Success! But wait. I  notice something fishy on Restoration Hardware's delivery notification just as I'm about to close my e-mail.
(I have it pulled up to repeat the tracking number to UPS about a billion times.) It has a tiny image of pillows...but no duvet...

The package was not the duvet.
The package was pillow shams. ONLY SHAMS. I get on the phone with Restoration Hardware immediately.

"What kind of SHAM is this?" (I wish I'd said.)

"Your duvet cover has been backordered ma'am."
"When is it expected to arrive?"

It's currently March. 
But I want to show it to company coming in a week! And assuming I will AGAIN miss the delivery, how will I get to Vaughn?

The beautiful duvet cover.
I snap. I cancel my order. I go on Anthropologie's website. I pick out a duvet cover (it's called wingspan), call the store, put it on hold, and head there immediately after work. (The 'fog/stormy chic' theme is shot, by the way.)

Musician boyfriend came home that night to a pintucked, embroidered, massively delicate and girly duvet cover. It's a phenomenal duvet cover (pictured right). But I cringe, waiting for MB's reaction.

"It's nice," he shrugs. "I think it just needs to be ironed?"

That night I quietly regret my decision as I watch musician boyfriend pull the pintucked, embroidered, massively delicate and girly duvet cover up around his beard. It's not exactly a turn on. 

He spends the next week waking up in the middle of the night, clawing at the pintucked corners like an apprehensive cat.

He eventually gets used to it. It was expensive and his girlfriend loves it.

3 weeks later it rips. Along the buttons. I try to cover it up.

2 weeks after that it rips a little more.

Musician boyfriend notices. (Foiled!)

2 weeks after that it rips a little more and I lose one of the buttons completely.

Etc Etc.

MB goes to bed every night looking smug. (Until he pulls up the duvet cover around his face or I catch him spooning it the next morning and then I get the last laugh). 
I resolve to get it repaired. 

I eventually take it off the bed, swear I'm going to get it drycleaned and stitched up, and it sits on a chair in our bedroom for another 2 weeks. But the idea that this duvet cover can tear so easily weighs on me. What if it happens again? I struggle with my loyalty to the merchant.

Which brings us to today, when I successfully returned it (and the matching, mascara-stained shams) to Anthropologie.

Yes. A store that did the right thing. No questions asked.

I called yesterday and spoke to the manager. She was incredibly nice and sensitive, took down all my info, looked up my purchase
(no receipt!) and set me up to see a manager the following day.

Long story short, I ended up with another whopping credit at Anthropologie. And the lovely salesperson I dealt with completely renewed my faith in fellow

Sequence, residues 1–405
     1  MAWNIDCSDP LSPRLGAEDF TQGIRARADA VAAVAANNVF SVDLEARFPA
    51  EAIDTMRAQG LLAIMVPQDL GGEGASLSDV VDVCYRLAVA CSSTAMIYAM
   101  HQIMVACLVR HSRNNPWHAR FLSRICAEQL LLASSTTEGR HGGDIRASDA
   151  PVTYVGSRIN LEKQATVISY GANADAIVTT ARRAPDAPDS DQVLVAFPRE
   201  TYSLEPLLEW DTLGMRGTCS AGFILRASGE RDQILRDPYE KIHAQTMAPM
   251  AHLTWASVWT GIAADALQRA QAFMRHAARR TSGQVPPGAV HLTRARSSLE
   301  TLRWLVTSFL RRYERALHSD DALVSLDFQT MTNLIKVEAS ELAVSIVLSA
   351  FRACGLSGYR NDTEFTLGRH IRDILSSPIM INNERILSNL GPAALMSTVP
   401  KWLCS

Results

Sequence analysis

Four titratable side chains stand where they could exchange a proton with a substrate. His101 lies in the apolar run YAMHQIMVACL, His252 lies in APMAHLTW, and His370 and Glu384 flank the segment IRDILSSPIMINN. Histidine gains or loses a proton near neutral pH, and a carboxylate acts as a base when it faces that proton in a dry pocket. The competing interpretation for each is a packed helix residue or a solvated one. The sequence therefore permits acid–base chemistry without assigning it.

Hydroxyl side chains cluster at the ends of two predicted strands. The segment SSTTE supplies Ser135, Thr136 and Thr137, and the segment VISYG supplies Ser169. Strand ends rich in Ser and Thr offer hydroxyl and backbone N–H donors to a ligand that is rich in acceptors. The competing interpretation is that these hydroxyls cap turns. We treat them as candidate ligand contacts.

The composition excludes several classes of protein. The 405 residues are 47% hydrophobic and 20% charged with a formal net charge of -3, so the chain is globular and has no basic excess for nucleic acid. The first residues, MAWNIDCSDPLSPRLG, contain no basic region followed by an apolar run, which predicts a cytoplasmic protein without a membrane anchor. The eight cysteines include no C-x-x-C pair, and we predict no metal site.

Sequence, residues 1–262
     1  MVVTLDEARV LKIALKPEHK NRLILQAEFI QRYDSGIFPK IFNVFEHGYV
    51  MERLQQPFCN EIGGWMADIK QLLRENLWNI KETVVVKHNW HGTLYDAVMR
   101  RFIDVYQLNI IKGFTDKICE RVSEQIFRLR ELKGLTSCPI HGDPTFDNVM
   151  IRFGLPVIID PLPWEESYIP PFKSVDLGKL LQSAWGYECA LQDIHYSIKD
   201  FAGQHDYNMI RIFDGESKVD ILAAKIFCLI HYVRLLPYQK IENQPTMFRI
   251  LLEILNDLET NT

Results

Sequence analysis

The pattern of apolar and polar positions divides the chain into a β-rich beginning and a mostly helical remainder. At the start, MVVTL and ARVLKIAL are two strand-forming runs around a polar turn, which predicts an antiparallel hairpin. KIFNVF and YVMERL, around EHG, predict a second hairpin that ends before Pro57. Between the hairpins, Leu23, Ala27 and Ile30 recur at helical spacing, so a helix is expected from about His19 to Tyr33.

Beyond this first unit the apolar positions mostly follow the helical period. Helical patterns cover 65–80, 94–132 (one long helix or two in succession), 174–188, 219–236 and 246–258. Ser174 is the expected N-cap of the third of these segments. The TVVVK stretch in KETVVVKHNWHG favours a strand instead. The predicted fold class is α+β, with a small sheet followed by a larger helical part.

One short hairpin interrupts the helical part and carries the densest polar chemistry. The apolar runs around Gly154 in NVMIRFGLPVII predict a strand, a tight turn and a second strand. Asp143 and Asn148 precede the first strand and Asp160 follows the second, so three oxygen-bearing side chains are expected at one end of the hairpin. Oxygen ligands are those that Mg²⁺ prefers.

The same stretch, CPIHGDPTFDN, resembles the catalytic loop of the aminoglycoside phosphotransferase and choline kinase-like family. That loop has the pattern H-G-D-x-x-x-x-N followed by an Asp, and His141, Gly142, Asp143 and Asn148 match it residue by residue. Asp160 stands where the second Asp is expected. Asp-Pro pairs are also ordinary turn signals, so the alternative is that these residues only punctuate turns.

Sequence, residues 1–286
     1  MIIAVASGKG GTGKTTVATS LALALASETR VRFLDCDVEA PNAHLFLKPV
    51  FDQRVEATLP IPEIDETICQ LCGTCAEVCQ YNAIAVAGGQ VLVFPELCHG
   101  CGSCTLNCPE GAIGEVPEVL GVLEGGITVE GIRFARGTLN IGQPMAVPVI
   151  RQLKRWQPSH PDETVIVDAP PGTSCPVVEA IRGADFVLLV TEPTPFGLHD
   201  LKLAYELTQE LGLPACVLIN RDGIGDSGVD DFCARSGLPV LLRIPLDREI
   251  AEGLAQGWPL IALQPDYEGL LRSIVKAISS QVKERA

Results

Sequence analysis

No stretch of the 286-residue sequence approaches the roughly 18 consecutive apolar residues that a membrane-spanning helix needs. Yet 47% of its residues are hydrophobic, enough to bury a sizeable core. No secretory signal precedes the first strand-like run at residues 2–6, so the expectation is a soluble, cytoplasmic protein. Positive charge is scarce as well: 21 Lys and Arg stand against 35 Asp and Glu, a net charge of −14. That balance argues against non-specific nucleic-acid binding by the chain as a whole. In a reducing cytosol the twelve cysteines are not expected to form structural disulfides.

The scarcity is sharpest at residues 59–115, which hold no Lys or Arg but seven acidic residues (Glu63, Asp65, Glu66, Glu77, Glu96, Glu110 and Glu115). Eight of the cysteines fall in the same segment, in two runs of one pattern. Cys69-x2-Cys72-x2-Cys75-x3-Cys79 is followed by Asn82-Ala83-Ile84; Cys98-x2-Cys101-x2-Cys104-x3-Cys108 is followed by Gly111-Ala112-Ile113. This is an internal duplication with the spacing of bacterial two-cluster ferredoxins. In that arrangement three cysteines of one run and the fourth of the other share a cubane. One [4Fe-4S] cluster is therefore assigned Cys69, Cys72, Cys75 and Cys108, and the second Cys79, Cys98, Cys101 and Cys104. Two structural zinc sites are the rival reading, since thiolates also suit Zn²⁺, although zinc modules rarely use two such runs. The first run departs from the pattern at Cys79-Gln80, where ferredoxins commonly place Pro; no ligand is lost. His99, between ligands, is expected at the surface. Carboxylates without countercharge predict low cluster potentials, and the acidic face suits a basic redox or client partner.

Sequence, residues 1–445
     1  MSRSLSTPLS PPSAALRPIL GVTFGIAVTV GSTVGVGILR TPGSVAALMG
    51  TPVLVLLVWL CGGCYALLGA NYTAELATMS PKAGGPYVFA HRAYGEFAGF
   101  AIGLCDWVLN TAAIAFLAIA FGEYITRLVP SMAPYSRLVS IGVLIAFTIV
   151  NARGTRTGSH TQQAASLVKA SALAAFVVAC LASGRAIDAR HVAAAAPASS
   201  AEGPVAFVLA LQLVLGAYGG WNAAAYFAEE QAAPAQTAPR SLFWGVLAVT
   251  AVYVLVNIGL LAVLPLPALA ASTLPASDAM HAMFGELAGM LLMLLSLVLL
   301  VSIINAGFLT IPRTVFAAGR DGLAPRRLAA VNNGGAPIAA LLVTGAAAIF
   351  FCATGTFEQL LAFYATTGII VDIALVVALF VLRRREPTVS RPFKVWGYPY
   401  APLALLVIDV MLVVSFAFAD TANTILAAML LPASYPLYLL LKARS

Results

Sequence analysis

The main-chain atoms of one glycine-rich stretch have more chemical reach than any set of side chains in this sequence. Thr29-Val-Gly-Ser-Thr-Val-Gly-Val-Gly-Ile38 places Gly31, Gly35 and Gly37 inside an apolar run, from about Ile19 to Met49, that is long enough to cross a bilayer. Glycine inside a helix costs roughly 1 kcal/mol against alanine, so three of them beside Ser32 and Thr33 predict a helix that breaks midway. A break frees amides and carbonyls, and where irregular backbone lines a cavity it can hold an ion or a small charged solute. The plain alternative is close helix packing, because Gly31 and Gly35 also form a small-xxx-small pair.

(retailer) human beings.

Musician boyfriend has declared that the next duvet cover is his choice.
He is going to spend max $10 on it.

I don't care. Go for it. No one sees the bedroom. I sleep in it, that's it.
 Am happy to pass the buck and wash my hands of (hand wash) duvet covers until the day I die (or maybe just 3-5 years from now when I'm over it).

I gots me a
new pair of pants, a fleur de lys pitcher, and $257.68 left to spend on clothing and teacups when I am a starving student. Maybe a hat. (Am not allowed to buy a) anything regular priced b) anything until at least September when I am truly feeling desperate to shop.)

It took 4 and a half months, but in the end I'd say the duvet debacle worked out for the best.


But I wonder what MB will choose...

...so he cares after all...

PS. Was so caught up in this non-blog post that I didn't leave on time for an appointment. Was forced to bike (egad). Saved $6. Half-way to checking it off my to-do list.

Sunday, 10 July 2011

Yoga Aficionadon't know what I've done. Part II.

First off - a sincere thank you for reading. I didn't think anybody really was until I discovered this newfangled 'page views' count. It could be just be a click-judge-exit count, but if it isn't, I am grateful. And under lots of pressure.

Below you'll find a joyful 'reneg' of my desperate cry for help.

On Friday afternoon I ventured 7 minutes down the street for round two of hot yoga (
or, as I belatedly noted it's official name) the 'hot yoga challenge' (no kidding). With the agonies of my previous class not far from mind I approached round 2 with a new, dual-faceted strategy.

The shorts. I could not return in pajama shorts. This I knew for certain. Fortunately, on Wednesday, my aunt/(fairy)godmother came to visit with my uncle and cousins. I met them at the Eaton's Centre for some shopping and wound up being gifted with some lululemons. (I know, life is tough.) Thank you again Auntie Jo & to Hilary for picking them out.